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Social Engineering and Your Business

 John Sparks, SVP/Branch Services Administrator, Scott Valley Bank
 
How many times have you heard the term “social engineering”?  You have probably read about it and perhaps even instructed your staff as to how to avoid the hazards that can befall your business as a result of social engineering. To quote Webopedia, “social engineering is the act of obtaining or attempting to obtain otherwise secure data by conning an individual into revealing secure information. Social engineering is successful because its victims innately want to trust other people and are naturally helpful”.  You would think we would all know better; too often we hear that someone has fallen prey to one of the schemes that continue to surface and antagonize victims.

The counterfeit check/advance-fee to fraudsters out of the country is an old scam, but it simply won’t go away. It is an example of fraud through social engineering. Here are some keys to understanding why this is a difficult scam to unwind and what you can do to protect your business.

Living in this country, it is easy to assume that check processing works the same way worldwide, but it does not. In 2004, the Federal Reserve Board initiated a process to restructure the way check processing was handled in the United States. Formerly, it took anywhere from 2 to 7 days for checks to clear the bank they were drawn on. Mostly, this was due to the transit time required as checks were moved by U.S. Mail. There were check-processing centers scattered throughout the U.S. By early 2010, all check processing centers had been reduced to one, in Cleveland, Ohio. This was accomplished by technology and legislation (Check 21 Act) as electronic images, in the form of “substitute checks”, were introduced and reduced clearing times to one to two business days.

Foreign check processing may require multiple intermediaries and 10 or more business days before the check is presented against an account. Should the check be dishonored, the check can take more than a month to make its way back to the payee. I draw this timeline to your attention because it specifically provides opportunity for scam artists to perpetrate their crime. Through effective use of social engineering techniques (gaining trust/rapport building), a scammer may convince a targeted business to accept counterfeit checks for services and pursue different tactics that eventually lead victims to send them money.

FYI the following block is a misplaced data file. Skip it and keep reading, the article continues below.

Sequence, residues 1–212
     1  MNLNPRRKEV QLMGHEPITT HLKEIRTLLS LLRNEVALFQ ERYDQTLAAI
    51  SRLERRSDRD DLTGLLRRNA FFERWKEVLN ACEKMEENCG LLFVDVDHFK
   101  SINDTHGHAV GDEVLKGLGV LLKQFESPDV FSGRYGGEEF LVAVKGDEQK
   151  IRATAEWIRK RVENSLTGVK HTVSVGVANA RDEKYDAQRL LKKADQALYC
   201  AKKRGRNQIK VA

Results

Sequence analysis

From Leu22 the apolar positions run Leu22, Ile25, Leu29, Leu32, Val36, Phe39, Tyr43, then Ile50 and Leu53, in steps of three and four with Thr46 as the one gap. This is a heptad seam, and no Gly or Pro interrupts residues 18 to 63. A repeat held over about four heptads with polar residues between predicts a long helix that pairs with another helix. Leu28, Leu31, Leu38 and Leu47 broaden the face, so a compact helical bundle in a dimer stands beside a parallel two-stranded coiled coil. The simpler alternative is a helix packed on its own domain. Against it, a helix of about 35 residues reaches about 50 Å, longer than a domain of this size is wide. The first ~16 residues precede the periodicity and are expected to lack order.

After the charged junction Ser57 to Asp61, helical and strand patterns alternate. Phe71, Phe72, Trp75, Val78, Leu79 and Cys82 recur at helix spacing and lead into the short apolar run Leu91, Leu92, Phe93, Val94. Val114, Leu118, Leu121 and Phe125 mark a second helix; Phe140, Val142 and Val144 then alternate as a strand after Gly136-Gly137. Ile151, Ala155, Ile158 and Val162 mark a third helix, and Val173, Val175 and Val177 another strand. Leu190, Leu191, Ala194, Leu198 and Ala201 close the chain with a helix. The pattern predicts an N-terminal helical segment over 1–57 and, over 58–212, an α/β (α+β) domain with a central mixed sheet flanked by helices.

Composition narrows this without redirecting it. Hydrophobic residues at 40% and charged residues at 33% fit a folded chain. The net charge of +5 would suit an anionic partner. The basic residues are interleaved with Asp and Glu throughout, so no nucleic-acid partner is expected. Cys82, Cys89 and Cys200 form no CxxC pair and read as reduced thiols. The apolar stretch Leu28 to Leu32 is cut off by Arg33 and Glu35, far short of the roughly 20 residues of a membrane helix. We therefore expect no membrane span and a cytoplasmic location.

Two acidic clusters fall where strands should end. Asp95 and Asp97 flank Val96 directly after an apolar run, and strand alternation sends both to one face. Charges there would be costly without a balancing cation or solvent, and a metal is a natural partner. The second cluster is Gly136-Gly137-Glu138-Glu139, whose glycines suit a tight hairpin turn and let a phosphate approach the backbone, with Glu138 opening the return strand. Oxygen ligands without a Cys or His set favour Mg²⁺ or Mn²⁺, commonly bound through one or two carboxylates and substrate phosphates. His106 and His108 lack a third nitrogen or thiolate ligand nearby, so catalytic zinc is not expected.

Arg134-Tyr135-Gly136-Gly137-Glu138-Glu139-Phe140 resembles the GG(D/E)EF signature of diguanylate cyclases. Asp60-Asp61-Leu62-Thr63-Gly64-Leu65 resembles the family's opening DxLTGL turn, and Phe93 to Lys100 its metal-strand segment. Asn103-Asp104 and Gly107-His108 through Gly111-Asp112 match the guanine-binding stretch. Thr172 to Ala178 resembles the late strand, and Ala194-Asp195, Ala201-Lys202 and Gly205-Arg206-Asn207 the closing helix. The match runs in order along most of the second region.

Further complicating the situation:

  1. The time zones:  If you wish to confirm a check, time zone differences make it inconvenient to reach out and talk to the bank that the checks is drawn on.
  2. Confidentiality: Most banks will not talk to you specifically about account relationships.
  3. Validation: If the bank does talk to you and is willing to “validate” funds, many of the schemes revolve around actual accounts that do exist and the owners of those accounts may not know that their account has been compromised, so the check may still be returned.

Experts in the industry advise some simple steps to help avoid falling prey to such schemes:

  1. Security Policy: Have a security policy and routinely discuss the security policy with all levels of staff. Do not leave anyone out.
  2. Question why: Why receive payment in the form of a foreign check, something that moves at a snails pace when funds can be wired? Why did I receive more than the required amount? Why am I being asked to return or forward a portion of the monies sent? Why? Why?
  3. Unknown Entities: When doing business with “unknown” entities, check out references. Do some research. Don’t let them lead you. Know whom you are talking to and validate they are legit before sharing information, particularly bank information.

Some of the best advice I have read comes from Sal Lifrieri, a 20-year member of the NYPD who now educates companies on social engineering tactics. Sal advises, “In my educational sessions, I tell people you always need to be a slightly paranoid and anal because you never really know what a person wants out of you.”

Sounds like good advice to me.


View Scott Valley Bank - The Vault - February 2013